OzAsia Festival Review: Infinitely Closer

Infinitely Closer is a superb example of contemporary dance performance and an OzAsia Festival highlight!
Dr Diana Carroll

Singapore’s leading practitioners of contemporary dance, The Human Expression Dance Company (T.H.E), gave three performances at the Festival Theatre this weekend as part of the OzAsia Festival.

As the audience entered the Theatre through Door 3 we were surprised to be ushered up the steps and onto the stage. With the theatre curtains drawn, we were enclosed in the ‘black box’ of the stage and backstage area. This unique experience gave an added air of excitement to the coming performance.

Three rows of seats were placed around the dance area, delineated only by masking tape on the floor. A few cushions were placed in front of the seats for audience members who wanted to get even closer to the action. Those who had downloaded the digital program knew that the audience was also invited ‘to walk around and explore your surroundings at any point in time’. A few brave souls did enter the dance space before the performance began, and again at its conclusion, but during the show we all stayed in our chosen seats. In other venues audience members have been given a card as they enter explaining that they are free to move around the space and perhaps that would have encouraged more people to participate.

Infinitely Closer with concept, artistic direction, and choreography by Kuik Swee Boon and dramaturgy by Kok Heng Leun, explores complex issues at the heart of what it means to be human. It talks to freedom and chaos, of personal identity, and of balancing the needs of society and the need to belong. These are very much issues of the moment, politically and socially, especially coming out of the Covid-era restrictions on freedom around the world. Indeed, the work was commissioned for the opening of a new theatre complex in Singapore in 2022 when these issues were even more top-of-mind. Together or alone seems to be a key conundrum – for the dancers and for society.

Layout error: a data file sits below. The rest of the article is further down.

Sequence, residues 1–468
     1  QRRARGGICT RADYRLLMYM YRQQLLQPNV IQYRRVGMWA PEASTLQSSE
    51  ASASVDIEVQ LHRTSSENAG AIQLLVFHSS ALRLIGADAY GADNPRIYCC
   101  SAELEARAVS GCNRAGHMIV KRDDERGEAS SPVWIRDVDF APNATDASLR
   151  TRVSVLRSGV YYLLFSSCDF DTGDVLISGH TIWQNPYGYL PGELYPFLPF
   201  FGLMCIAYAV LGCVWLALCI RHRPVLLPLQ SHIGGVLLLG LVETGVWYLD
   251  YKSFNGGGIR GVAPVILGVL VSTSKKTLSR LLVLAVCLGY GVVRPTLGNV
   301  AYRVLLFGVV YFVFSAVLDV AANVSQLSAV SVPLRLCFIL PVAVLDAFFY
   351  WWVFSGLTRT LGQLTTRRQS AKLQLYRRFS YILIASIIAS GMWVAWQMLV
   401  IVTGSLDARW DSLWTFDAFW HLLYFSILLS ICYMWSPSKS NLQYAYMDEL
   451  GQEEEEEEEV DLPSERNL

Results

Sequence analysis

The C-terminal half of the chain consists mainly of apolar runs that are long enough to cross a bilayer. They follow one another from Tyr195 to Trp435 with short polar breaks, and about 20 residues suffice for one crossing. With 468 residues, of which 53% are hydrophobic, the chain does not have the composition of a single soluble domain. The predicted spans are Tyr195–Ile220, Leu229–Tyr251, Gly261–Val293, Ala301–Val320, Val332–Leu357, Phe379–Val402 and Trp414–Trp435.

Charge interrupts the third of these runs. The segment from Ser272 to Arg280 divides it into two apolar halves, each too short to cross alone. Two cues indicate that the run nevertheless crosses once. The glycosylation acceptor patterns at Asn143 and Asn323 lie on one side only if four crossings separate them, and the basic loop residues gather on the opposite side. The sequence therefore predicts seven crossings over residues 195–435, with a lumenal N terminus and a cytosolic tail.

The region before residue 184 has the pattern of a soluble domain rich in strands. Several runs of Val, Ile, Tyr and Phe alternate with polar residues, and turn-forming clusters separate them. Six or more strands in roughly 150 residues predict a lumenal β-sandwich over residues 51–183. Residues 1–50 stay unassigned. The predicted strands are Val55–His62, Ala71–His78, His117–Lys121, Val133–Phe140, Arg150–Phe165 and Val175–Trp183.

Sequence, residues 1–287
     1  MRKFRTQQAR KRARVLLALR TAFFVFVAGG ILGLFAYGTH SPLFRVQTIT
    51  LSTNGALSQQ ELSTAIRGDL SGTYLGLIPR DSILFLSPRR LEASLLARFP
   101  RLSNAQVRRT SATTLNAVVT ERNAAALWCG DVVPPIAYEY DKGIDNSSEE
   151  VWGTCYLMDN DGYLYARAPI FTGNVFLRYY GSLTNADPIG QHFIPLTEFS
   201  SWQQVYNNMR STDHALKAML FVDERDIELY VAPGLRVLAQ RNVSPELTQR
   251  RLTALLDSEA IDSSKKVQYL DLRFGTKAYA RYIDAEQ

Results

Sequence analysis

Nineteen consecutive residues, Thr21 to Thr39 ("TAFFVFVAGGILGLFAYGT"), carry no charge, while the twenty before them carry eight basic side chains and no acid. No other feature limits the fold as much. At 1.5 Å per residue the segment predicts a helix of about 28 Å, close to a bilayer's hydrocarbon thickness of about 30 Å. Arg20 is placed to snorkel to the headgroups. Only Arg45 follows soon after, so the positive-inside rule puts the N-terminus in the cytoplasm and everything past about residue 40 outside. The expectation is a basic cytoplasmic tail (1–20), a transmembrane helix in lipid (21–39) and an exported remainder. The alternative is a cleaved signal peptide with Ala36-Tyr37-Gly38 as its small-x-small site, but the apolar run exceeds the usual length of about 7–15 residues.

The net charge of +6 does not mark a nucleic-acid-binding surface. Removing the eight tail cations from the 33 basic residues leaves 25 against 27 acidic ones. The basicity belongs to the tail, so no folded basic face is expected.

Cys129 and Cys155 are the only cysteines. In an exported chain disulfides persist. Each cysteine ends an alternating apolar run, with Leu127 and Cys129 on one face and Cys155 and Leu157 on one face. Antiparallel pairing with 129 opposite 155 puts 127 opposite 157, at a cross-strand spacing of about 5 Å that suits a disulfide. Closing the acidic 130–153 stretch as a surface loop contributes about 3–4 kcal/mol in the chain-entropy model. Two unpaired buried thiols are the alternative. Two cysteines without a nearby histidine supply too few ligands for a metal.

The seven dancers, led by guest Australian dance artist Billy Keohavong, are mesmerising to watch as they begin with restrained, slow movements and build up to frenetic, dynamic actions. The set consists only of three giant translucent screens, rigid scrims really of two panels each, about four meters tall, on castors so the dancers can move them around the stage. These are variously projection screens, prisons, or borders, and offer the dancers ways into and out of the set.

This dance is accompanied by a dramatic soundscape – musical noise more than music – by Kent Lee. It was so loud that staff had ear plugs available for those who found it too overwhelming! Adrian Tan’s excellent lighting design enhanced the narrative and created layers of atmosphere and mood.

Infinitely Closer is an engaging and original dance work. The young dancers are of the highest standard and the theatricality of the performance makes it a most impressive production. It’s a highlight of the OzAsia Festival and exemplifies OzAsia’s importance on our cultural calendar.


OzAsia Festival

until 5 November 2023

ozasia.adelaidefestivalcentre.com.au

Latest

We would like to acknowledge the Kaurna people as the custodians of the lands and waters of the Adelaide region.

FIFTY+SA © 2022. All Rights Reserved. 

SUBSCRIBE
FIFTY+SA

Join the New Age

Get the latest events, news, reviews and exclusive competitions sent straight to your inbox.  Never miss a beat!

Join the New Age

Get the latest events, news, reviews and exclusive competitions sent straight to your inbox.  Never miss a beat!
Hidden
Name